Electronic Arts just doesn't seem to learn its lesson, because it's in trouble again for something that it did around four years ago.
WCCFTech reports that with the release of 'FIFA 21," EA is once again allegedly forcing players to purchase loot boxes. Electronic Arts themselves are already denying these claims, but many sources are corroborating the allegations, which first surfaced in leaked documents.
The documents, according to a report by the Canadian news outlet CBC, reveal a certain play mode that lets gamers buy certain loot boxes to improve the experience or increase their chances of winning games. It is called FIFA Ultimate Team (FUT), which the documents claim is the game's "cornerstone."
All of this information purportedly came from an insider at Electronic Arts, who said that they, and others they know who work on games, don't feel good about including loot boxes in projects, reports EuroGamer.
No Stranger To Scummy Practices
Electronic Arts, being one of the biggest developers and publishers in the industry, is just like any other business. Their main goal is to make money to please investors. But it's the way they try to make that money that's put them in a negative light before.
Again, let's go back to four years ago with the release of another big EA game, "Star Wars: Battlefront 2."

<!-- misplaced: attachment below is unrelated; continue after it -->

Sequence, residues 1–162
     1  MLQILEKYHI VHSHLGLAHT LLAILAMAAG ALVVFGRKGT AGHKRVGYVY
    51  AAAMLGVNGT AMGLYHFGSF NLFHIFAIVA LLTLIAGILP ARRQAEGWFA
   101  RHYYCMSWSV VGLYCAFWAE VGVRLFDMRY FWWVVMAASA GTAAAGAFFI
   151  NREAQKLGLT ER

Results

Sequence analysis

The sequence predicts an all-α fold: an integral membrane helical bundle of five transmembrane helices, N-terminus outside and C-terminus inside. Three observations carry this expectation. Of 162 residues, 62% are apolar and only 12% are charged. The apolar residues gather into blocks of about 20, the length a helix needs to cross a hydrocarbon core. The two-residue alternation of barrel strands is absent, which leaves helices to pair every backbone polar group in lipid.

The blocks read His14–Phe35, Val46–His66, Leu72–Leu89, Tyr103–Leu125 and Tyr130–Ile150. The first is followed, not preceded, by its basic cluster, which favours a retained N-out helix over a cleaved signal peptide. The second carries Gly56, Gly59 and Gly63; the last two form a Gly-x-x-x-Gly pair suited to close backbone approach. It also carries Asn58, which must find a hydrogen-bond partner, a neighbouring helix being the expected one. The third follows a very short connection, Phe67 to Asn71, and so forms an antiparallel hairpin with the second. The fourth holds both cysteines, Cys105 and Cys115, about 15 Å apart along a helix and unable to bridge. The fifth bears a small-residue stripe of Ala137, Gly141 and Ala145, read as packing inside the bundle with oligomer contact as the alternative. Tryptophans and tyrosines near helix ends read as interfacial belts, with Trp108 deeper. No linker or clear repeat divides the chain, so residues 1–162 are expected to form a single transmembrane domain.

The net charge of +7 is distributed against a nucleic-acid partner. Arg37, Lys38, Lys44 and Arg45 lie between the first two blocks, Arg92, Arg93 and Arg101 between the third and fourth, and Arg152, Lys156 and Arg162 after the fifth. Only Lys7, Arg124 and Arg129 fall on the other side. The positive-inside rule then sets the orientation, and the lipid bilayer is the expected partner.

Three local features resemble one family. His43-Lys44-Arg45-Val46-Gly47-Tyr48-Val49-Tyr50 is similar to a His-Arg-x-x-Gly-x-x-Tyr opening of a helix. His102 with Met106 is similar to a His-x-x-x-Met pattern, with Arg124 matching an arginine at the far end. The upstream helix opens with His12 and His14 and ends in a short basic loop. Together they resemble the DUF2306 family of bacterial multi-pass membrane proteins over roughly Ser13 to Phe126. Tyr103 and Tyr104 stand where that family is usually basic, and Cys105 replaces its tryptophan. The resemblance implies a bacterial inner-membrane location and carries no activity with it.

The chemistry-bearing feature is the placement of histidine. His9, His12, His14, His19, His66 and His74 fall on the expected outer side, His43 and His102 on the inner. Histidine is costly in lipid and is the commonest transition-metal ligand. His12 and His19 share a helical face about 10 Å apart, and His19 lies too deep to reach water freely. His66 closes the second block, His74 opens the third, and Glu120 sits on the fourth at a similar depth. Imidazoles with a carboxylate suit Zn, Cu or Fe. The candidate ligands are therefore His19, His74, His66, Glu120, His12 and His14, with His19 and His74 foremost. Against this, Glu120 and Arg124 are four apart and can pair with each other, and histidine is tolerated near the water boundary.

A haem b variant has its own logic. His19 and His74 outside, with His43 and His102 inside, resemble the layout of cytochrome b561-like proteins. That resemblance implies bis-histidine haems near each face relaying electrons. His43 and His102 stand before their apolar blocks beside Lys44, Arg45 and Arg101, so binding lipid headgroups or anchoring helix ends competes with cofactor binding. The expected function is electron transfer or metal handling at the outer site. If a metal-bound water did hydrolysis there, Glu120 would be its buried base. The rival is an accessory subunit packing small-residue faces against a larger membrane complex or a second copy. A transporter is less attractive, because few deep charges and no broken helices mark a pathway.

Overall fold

"Battlefront 2' was one of the most anticipated titles of last gen due to its inclusion of a handful of beloved "Star Wars" characters. But these characters (and more powerful equipment) were only unlockable in two ways: you could spend an ungodly number of hours playing just to earn enough in-game credits. Or you can just buy the credits with real money.
TLDR: if you paid extra for the loot boxes in "Battlefront 2," you're better equipped than much of your opponents.
The result was a worldwide fiasco, which put video game loot boxes under intense scrutiny. Some national governments even considered this as a form of gambling, and as such caused a massive PR nightmare for Electronic Arts.
Eventually, EA executive Patrick Söderlund apologized, saying that they "got it wrong" and vowing that it will never happen again with subsequent releases, as written on Business Insider.
Solving The Problem Of Loot Boxes
Electronic Arts can likely learn something from Blizzard when it comes to solving the problem of microtransactions and/or loot boxes.
In Blizzard's massively popular online shooter "Overwatch," loot boxes contain items that are purely cosmetic and doesn't affect the gameplay in any way. Players can easily win loot boxes by playing the game and levelling up, which doesn't require too much "grinding." And what's even better is that these boxes don't cost much if you decided to buy them either.
Compare that to "Battlefront 2" and now "FIFA 21," and you see the problem: locking better items and characters behind a pay-to-win scheme isn't just scummy; it's flat out unfair.
Nobody wants a repeat of that time when a teenager spent USD $8000 on "FIFA" microtransactions, because honestly, that's just insane. But if the allegations are proven true, then EA will have broken a promise they made after the scandal that is "Battlefront 2."
This article is owned by Tech Times
Written by RJ Pierce